While most political parties clamor for attention in the campaign period, the ruling
Cambodian People's Party (CPP) has appeared more comfortable sitting out opportunities
to debate its policies and record. Prime Minister Hun Sen does not want to answer
questions because, he says, he is "not campaigning".
"For one month I will not respond to journalists' questions," he told reporters
on July 3 in a repeat of his pledge to remain above the political maelstrom.
In itself, this is only slightly unusual. While the Prime Minister gives frequent
and very brief 'doorstop' interviews, he rarely exposes himself to questioning at
any length or depth.
And his colleagues tend to follow suit. While there are notable exceptions, many
senior government and civil service figures are in the habit of refusing to provide
the media with answers to questions. Some simply hang up when they find a journalist
on the other end of the phone. Others resort to absurd ploys to avoid the questioner.
"I can't hear you", "This is his driver, what do you want?" and
"I don't speak English" are among the more popular brush-offs when certain
ministers or secretaries of state pick up their phones.
Chea Vannath, president of local NGO the Center for Social Development (CSD), said
the CPP hierarchy allows very few people to speak out.
"It is a very well-structured and well-controlled organization," she said.
"The individuals have no freedom or liberty to speak about policy whatsoever."
Nor do they need to. Compliant television, radio and print outlets dutifully show
a parade of government officials handing out rice and sarongs in villages. Hun Sen's
speeches are broadcast widely and in full. Despite the Prime Minister's 'non-campaign',
this has continued to be nightly fare on local TV.
But opportunities to subject the most senior government officials to critical questioning
are thin on the ground. Even during this election campaign, don't expect to see a
senior minister front a press conference to explain how the party will deal with
the issues facing the country in the next five years.
Despite this, the idea of compelling decision-makers to face the press or their constituents
has not been high on the donor agenda. The UN Development Programme, which has channeled
$7.5 million of donor money into the election, has concentrated on providing campaign
space to the opposition parties.
At a June 20 press conference, the UNDP's administrator, Mark Malloch Brown, implored
journalists to share the media spotlight with smaller parties.
"You [in the media] have an obligation to cover all the candidates in the campaign.
I should be asking: 'Are you going to give opposition candidates adequate space in
your media outlets?'" he stated.
Outside of the 'equity time' principle that applies to news on state broadcasters,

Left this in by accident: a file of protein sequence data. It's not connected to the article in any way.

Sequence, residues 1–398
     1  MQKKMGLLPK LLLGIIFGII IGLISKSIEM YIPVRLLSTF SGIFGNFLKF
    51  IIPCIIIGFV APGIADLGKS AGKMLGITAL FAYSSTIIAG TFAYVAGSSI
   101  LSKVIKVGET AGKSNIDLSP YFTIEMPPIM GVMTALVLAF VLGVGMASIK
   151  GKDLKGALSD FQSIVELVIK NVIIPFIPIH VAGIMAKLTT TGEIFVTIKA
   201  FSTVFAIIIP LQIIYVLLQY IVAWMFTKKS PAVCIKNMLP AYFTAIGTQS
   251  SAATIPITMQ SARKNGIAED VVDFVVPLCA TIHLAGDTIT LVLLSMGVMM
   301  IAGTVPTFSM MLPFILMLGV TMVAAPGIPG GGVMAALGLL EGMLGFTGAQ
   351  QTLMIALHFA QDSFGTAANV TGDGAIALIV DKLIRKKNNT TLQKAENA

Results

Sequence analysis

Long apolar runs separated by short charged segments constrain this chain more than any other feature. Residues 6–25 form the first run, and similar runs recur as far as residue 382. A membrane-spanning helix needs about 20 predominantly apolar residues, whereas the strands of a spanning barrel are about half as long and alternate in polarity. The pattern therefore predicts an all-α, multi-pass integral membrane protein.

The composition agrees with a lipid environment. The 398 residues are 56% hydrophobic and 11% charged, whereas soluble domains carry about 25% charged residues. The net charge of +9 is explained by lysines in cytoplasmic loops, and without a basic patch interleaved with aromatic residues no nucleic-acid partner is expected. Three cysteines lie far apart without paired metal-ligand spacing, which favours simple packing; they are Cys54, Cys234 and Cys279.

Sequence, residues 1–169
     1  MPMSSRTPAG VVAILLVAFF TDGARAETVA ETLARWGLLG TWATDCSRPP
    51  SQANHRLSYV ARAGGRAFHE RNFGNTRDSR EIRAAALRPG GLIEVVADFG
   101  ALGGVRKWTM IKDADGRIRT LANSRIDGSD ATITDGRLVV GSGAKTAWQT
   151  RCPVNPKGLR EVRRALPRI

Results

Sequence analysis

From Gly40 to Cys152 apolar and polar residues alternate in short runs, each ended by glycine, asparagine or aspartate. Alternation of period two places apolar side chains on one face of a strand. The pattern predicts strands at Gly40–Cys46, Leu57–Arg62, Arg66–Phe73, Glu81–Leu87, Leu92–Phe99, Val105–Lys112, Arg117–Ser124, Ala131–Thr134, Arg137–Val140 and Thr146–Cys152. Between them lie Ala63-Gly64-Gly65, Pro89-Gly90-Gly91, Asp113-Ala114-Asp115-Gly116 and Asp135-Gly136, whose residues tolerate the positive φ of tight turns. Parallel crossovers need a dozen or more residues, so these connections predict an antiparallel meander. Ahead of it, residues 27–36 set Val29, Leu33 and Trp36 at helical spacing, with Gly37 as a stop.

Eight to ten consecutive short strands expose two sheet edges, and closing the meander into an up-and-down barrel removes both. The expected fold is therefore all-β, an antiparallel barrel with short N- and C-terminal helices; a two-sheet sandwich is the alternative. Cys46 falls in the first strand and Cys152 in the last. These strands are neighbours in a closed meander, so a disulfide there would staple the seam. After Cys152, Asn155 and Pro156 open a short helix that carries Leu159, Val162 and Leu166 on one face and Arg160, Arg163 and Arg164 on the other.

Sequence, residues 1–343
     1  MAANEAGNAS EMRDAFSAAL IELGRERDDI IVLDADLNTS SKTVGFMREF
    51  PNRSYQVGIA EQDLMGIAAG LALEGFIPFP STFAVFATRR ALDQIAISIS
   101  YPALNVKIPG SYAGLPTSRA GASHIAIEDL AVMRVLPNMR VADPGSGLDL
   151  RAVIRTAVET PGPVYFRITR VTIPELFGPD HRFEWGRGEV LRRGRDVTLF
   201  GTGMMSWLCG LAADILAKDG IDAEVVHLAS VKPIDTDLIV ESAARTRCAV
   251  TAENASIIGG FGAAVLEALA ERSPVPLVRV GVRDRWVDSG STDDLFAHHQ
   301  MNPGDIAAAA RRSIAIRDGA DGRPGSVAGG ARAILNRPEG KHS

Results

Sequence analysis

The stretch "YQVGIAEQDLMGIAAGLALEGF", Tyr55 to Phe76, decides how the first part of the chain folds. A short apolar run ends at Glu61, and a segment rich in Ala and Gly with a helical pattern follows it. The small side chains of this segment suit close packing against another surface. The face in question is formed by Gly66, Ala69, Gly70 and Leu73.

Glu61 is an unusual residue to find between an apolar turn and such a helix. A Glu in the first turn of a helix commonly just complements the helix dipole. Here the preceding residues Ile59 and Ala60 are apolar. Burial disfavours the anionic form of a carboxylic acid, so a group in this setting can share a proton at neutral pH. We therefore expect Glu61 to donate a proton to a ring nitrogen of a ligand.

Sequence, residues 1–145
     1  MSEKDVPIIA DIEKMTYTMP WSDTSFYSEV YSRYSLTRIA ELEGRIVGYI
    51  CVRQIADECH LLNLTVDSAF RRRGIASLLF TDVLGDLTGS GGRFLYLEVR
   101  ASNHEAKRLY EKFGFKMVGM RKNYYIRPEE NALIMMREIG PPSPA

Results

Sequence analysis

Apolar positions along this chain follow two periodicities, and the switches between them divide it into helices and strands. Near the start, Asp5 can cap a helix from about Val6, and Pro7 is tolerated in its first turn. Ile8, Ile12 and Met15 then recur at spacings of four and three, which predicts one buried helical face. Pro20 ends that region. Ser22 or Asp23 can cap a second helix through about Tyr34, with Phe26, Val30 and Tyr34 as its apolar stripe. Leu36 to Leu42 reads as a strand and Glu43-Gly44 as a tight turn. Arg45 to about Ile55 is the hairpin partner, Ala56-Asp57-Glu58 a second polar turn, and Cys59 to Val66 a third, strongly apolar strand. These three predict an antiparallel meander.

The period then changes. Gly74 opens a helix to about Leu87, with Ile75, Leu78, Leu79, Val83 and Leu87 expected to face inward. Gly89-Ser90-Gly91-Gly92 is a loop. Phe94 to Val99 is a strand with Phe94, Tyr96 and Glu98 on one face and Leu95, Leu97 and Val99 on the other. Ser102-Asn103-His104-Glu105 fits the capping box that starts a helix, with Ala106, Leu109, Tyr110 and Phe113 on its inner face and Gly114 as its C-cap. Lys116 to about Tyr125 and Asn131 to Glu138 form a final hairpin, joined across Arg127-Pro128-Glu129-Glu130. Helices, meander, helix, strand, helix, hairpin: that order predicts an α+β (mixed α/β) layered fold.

that exhortation has had little impact. The evening news still cuts between Hun Sen
at a tree planting ceremony, Chea Sim wandering the grounds of a pagoda, and the
Prime Minister's wife handing out bags of Cambodian Red Cross rice.
But for the foreign press, giving equal space to the opposition is hardly the issue.
While the opposition leaders are always available, the Post received no reply to
a mid-March written request for an interview with Chea Sim, who is not only the CPP
chairman, but also the President of the Senate and number one on the party ticket
for the capital.
To be fair, Funcinpec's approach is similar: six letters sent since March to Prince
Norodom Ranariddh and his advisors also went unanswered.
Malloch Brown, himself a veteran of political campaigns in the Philippines and Chile,
noted that it is probably a clever strategy for Hun Sen.
"Hun Sen has said to me that he wanted to stay above the election fray and manage
the government," he said. "Frankly, he has whatever is the Cambodian equivalent
of a 'rose garden strategy', which may be a reasonable calculation given the little
polling data I've heard about. I suspect he may have a political tactic of not being
Chea Vannath said that people who came to CSD-organized public forums with questions
for CPP candidates were disappointed that none of its representatives participated.
While a CPP representative attended the forum in Kratie, other forums have gone ahead
without any candidate from the ruling party.
And she is not convinced that the strategy is in the best interests of the party.
"Actually I feel sorry for them because it makes them look afraid and like they
lack confidence. [But] I don't know how much pressure donors can put on the CPP,
though it would be good if they could apply more," she said.
Candidate debates organized by the US-funded National Democratic Institute (NDI)
have had more success in attracting CPP representatives. Although the ruling party's
candidates declined to meet with union representatives and their members for a debate
in early July, they have attended all the NDI debates arranged so far.
"They've been very participatory, very engaged and willing to turn up. There's
no reticence on their part," said Mark Wallem, NDI's senior resident director.
For the Prime Minister, however, Vannath said the political risks of debating his
opponents would be too high.
"Because of the history it would be too dangerous for him [to debate with other
leaders]. It would open the Pandora's box of his political platform, the judicial
system and even his personal affairs," she said.
Malloch Brown argued that the country's development performance should be at the
heart of the election campaign, and said he had advised opposition leader Sam Rainsy
to "go out and publicly cross-examine the government on how it's doing on poverty
reduction, jobs, education or healthcare".
But he acknowledged that those goals were not best served by a government that ducks
scrutiny in favor of staged set-pieces with the party faithful.
"Let me say that I think the government should be available and open to the
media," he said.
Maybe in 2008 it will be.